Taking a chance on a democratic Yemen

The Yemeni youth movement represents the country’s best chance for democracy – but it needs outside support to succeed.

Yemen protestors
In a country where the average age is 18, Yemeni protestors are disproportionately young [EPA]

Yemen finds itself in the fifth month of mass anti-government protests that have left the country with a severely injured President seeking treatment abroad, an economic and humanitarian disaster, and a seemingly intractable stalemate. The youth, who comprise the vast majority of a population whose average age is 18, are increasingly divided, yet increasingly adamant that all the corrupt remnants of the old regime should be replaced by a fully-functioning democratic system. 

This wish, in line with the aspirations of millions of Arabs inspired by the events of the “Arab Spring”, may appear to be idealistic and even naïve in a country like Yemen. Poor education levels, the lack of an established middle class, the prevalence of qat, and, perhaps most importantly, various armed uprisings, secessionists, and militant activity, are seen as roadblocks preventing any realistic democratic enterprise. However, the events of the past few months have given hope that a new, more democratic, Yemen might emerge out of the ashes of the current crisis. 

There is no denying that the current anti-government movement is supported by the majority of the Yemeni people, especially in the restive areas of Taiz, Aden, Saada, Ibb, and Hodeida. Even in the capital Sanaa, where pro-Saleh sentiment is seen as strongest, the biggest and most regular rallies have been those calling for his removal from power.

The anti-government protest movement encompasses a wide cross-section of Yemeni society, centred around a student-based youth movement, and growing to encompass various civil society groups, the traditional opposition parties, women’s groups, and a significant tribal element. The cultural change that may bring hope for the future of the country can be seen in the seemingly uniform calls for a pluralist state by the protesters, and the conferences, town hall style meetings, and even poetry nights that are held at the protest squares around the country.

Nonetheless Yemen, in keeping with its history, is different. Yemenis have not had their “resignation moment”, as Egyptians and Tunisians did, and yet they have a President who has left the country, unlikely to return. Ali Abdullah Saleh’s son, Ahmed, has taken his father’s role in the palace, without officially taking over, nor having the power to. Vice-President Abdu Rabbo Mansur Hadi, whom the constitution designates as acting President in light of Saleh’s absence, is seemingly powerless, and torn between the various sides who all want to influence him. Some revolutionary groups have set up transitional councils, yet the details are shady. State media, usually a good indicator of the control of an authoritarian government, remains the official mouthpiece of the Saleh regime, and still labelling protesters as criminals and mobs.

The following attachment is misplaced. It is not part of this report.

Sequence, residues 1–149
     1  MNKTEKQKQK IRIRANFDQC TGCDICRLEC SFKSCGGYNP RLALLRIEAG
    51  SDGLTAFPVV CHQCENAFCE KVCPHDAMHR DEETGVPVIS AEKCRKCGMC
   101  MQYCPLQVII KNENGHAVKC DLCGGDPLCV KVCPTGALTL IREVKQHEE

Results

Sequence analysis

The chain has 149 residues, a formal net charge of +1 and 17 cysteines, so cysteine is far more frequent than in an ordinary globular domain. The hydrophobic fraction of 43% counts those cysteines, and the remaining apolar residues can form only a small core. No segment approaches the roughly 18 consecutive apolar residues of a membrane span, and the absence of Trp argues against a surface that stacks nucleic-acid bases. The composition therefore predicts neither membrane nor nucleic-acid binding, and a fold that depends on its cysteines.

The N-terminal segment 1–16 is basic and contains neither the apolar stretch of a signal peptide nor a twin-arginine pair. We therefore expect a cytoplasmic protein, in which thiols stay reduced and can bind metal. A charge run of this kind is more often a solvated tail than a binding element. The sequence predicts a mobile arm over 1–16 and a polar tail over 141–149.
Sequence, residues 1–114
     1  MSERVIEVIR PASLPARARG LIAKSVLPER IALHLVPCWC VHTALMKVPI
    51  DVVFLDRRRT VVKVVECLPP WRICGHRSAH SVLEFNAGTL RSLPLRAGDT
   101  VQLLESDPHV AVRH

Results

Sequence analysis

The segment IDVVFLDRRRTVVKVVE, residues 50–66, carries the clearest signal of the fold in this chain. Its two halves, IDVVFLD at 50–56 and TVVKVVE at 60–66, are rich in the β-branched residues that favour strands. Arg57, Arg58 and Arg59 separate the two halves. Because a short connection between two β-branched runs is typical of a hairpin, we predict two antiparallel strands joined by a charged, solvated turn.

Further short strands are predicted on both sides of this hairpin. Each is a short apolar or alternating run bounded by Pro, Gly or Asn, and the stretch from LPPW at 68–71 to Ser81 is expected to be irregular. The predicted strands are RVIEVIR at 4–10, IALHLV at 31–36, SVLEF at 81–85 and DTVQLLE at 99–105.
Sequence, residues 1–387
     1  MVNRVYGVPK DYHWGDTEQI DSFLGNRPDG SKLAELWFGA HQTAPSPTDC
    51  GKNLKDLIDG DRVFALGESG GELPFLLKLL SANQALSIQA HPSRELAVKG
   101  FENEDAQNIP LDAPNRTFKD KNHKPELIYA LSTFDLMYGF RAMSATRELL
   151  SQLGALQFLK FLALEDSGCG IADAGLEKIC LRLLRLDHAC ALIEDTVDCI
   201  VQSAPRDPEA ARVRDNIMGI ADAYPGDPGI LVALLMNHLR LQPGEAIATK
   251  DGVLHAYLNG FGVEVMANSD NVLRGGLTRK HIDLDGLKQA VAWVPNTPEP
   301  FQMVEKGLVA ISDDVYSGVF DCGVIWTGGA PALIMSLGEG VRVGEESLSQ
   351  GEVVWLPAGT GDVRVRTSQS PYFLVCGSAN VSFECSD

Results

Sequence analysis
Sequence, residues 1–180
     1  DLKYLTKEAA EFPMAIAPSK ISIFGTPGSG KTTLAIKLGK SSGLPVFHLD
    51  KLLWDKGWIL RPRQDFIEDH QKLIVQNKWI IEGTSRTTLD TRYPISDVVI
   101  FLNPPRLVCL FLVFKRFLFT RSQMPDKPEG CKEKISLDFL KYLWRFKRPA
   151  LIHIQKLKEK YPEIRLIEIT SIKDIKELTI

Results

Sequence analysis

One of the main reasons that the regime has carried on without Ali Abdullah Saleh is that his sons and nephews, especially his son Ahmed and his nephew Yahya, have effectively been running the show for the past few years. This period has seen the President replace his old advisors with these family members, and the accompanying period of instability in the country can be seen as evidence of this transfer of power. Although the figurehead is no longer in the country, the Salehs have been busy building on their established military and security power bases to consolidate power for themselves.

The traditional outlook on current events in Yemen has gathered around two issues, an internal power struggle in the Yemeni elite, and the role of outside powers in the unrest.

The power struggle narrative focuses on the various factions of the elite that are now apparently fighting for power. President Saleh finds his old friend, General Ali Muhsen, on the side of the protesters as their main defender. This Saleh-Muhsen rivalry is seen as a battle within the various families of the Sanhan tribe, a part of the wider Hashid tribal confederation. The leaders of Hashid, the al-Ahmar family, provide another element, with the al-Ahmar brothers, led by the tribal Sheikh Sadiq and the most politically active brother Hamid, allied with General Ali Muhsen.

Fear of a strong Yemen

Then come the two states with the biggest influence in Yemen, Saudi Arabia and the US. Saudi Arabia has two goals in Yemen: to try to retain its influence in the country, and to bring about a stable Yemen without letting Yemen get too strong. Here we can refer to the alleged deathbed advice of King Abdulaziz: “Keep Yemen weak”. While this may not have happened, Saudi policy in the country certainly bears it out. Support for the royalists in the civil war in the 1960s, and for secessionists in the civil war of 1994, are two examples. 

The youth movement therefore presents a serious problem for Saudi policy in Yemen. The movement has goals that are the antithesis of the way Saudi Arabia is run. Should the movement succeed in bringing about a civil, democratic state in Yemen, this would present a dangerous model in the eyes of the ruling al-Saud. The youth movement also appears to not have been co-opted by Saudi Arabia yet, which puts the country in the strange position of having a powerful grouping in Yemen not under its sway.

Should the youth movement succeed, there is no doubt that there would be a move away from Saudi Arabia, and an attempt to bring about an independent foreign policy. Yemen, the most populous country on the Arabian peninsula, could become a relatively strong, democratic country, in the long term. This would no doubt upset the balance of power in the region.